• SydneyPhilosopher
    Should we be able to alter our genetics not cure diseases but to make our selves smarter, stronger, more attractive, etc.?
    I believe we should
  • Relativist
    By "our" genetics, I assume you're referring to altering the genes that are in a zygote.

    If the full result of changes could be known, then probably not a problem. The problems are that it would require trial and error to learn that, and the "errors" would be unfortunate victims.
  • Frank Apisa
    Gotta be careful of that "better."

    Who decides what "better" means?

    Important, because the decision will always effect someone else.
  • Grre

    I agree. The definition of better is tricky-especially with regards to racial differences, then we get historic genetics, which has never led to good outcomes.

    Is 'attractive' a necessary trait? As from my experience, the only useful traits that stereotypically attractive people seem to possess is charisma, because humans have a disposition to like and appeal more so to people they find physically attractive-and maybe confidence, coming from the self-awareness of one's own attractiveness and it's effect on others. Other than that, because people who are attractive did not have to work much harder in life to socialize, achieve academically ect. hence you get the 'dumb hot' stereotype, the big buff jock or the dumb blond, both dumb with (usually) unappealing personalities-because they did not need to develop better ones. Trust me when I say I am dating one of the former (and have dated dumb girls as well) and while my current boyfriend is very soft-hearted when he wants to be, he is not very considerate, emotionally dense, or otherwise 'intelligent'-he has never had to be, relying only on his looks and large physique to guarantee a career in football.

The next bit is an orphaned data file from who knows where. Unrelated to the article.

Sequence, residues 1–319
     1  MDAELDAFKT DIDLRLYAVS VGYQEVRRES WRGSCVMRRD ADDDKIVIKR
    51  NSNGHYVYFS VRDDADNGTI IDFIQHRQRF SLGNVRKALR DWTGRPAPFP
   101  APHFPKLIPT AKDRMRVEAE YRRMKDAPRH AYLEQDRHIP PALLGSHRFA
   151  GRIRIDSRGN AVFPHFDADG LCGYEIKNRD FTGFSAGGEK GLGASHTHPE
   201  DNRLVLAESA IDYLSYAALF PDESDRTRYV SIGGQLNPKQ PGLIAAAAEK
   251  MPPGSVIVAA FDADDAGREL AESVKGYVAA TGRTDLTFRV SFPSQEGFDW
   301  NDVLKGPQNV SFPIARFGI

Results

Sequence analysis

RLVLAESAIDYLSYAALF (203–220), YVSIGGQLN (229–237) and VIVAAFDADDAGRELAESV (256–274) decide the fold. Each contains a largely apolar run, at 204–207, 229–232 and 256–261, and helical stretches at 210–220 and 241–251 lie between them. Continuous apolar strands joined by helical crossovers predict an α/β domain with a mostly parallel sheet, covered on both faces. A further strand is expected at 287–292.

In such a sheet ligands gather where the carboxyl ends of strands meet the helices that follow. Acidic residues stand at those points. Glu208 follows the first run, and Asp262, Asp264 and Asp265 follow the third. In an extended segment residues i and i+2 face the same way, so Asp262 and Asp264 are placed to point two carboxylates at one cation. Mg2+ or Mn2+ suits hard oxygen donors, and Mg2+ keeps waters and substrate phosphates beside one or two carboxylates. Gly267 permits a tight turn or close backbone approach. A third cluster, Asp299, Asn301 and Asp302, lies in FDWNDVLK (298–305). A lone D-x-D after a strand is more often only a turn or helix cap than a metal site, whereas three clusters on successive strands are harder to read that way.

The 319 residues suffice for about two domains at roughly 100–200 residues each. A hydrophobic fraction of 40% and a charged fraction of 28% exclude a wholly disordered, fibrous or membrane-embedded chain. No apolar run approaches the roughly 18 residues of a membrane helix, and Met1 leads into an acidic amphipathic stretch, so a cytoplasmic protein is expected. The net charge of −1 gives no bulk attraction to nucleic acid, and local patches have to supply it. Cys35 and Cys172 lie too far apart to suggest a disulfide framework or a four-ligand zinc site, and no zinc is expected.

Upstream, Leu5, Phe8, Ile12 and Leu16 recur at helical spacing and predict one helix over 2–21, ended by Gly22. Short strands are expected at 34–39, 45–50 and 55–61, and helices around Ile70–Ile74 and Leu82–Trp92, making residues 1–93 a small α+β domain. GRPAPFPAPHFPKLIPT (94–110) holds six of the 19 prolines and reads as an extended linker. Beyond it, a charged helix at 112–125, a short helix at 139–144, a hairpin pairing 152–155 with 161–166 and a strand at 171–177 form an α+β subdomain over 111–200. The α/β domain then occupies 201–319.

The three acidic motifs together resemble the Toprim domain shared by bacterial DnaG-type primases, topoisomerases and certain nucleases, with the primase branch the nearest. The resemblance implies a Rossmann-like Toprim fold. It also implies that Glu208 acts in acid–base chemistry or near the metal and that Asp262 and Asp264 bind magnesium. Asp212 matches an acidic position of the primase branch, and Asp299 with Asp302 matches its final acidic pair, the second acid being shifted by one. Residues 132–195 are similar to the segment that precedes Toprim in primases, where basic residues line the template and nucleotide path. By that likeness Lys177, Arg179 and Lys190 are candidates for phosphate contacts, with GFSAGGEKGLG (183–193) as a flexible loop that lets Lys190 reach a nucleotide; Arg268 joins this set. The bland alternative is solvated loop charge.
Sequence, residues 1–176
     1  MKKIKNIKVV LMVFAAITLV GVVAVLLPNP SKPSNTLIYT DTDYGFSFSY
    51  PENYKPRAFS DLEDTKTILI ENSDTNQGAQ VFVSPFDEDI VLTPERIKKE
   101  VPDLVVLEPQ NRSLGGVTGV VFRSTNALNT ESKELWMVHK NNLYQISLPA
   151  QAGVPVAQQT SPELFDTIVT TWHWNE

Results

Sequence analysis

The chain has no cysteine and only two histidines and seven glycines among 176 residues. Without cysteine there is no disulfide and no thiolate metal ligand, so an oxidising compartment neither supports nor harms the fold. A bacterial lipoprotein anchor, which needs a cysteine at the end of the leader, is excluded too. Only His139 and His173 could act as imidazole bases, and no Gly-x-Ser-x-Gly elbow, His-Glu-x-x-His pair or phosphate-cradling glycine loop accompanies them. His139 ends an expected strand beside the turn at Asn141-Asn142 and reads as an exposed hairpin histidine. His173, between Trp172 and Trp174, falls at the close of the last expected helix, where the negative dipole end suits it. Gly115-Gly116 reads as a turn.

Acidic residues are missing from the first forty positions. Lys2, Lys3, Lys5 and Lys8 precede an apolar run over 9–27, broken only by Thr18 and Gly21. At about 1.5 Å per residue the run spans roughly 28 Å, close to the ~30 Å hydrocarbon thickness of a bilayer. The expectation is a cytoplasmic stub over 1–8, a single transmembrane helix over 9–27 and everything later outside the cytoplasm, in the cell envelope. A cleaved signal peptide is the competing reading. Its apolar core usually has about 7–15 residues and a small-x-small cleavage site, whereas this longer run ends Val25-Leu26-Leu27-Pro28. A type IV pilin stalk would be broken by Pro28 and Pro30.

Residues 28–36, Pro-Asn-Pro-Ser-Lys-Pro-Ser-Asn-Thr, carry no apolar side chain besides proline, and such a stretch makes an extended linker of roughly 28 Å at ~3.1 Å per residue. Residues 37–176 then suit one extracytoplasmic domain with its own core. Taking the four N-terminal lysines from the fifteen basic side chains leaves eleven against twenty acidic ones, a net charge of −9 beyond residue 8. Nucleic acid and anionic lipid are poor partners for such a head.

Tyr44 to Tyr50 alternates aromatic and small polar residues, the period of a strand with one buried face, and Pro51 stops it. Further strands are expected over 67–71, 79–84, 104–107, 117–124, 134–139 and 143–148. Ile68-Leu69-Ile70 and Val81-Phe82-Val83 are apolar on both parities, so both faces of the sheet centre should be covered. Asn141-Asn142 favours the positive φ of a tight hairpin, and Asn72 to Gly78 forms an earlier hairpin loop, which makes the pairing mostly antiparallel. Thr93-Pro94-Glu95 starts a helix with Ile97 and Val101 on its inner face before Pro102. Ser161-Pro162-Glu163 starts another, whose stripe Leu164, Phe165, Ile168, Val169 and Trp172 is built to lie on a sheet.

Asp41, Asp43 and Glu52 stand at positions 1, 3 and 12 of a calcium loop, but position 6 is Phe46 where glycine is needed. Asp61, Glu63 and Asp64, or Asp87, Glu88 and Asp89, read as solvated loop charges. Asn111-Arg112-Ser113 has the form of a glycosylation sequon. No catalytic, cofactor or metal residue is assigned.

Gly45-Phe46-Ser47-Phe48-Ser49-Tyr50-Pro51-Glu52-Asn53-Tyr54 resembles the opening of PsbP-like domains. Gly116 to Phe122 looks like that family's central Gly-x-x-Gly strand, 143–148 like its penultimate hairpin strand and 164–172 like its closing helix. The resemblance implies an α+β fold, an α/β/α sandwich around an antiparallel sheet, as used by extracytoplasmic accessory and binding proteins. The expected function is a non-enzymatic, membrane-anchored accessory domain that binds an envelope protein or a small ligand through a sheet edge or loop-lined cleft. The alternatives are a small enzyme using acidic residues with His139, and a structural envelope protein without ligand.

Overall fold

Also-what defines intelligence? I am currently writing a book that denies human intelligence-at least, its superiority to other forms of intelligence-questioning, what can intelligence mean if there is no real objective reality to really 'know'. I argue that all varieties of species have a different reality-and that human intelligence has strengths and weaknesses, just like other species. In humans alone there is a whole classification of different intelligences-I happen to fall on the abstract thinking, linguistic side, but I cannot do math very well and I struggle with art. I am also autistic/"gifted" which means I also think and reason in ways different from others and as a child, lacked a lot of key social skills necessary for being successful in school. In school I struggled, not because the classes were necessarily hard, but because teachers taught in a way that I could not understand/did not care for, and in many cases, I just lacked interest. I failed a lot of classes-yet next year I am going to law school, so you can already see how hard it is develop any sort of test that would measure intelligence (ie. like the bullshit curriculum ones) let alone a way to develop and measure higher intelligence in vitro. Unless you're going for some kind of hyper-savant goal, like breeding only high functioning autists like myself? Which, while I'm flattered, I would not condemn another person, let alone my child, to live like I. People of extremely average or moderate intelligence are usually pretty content.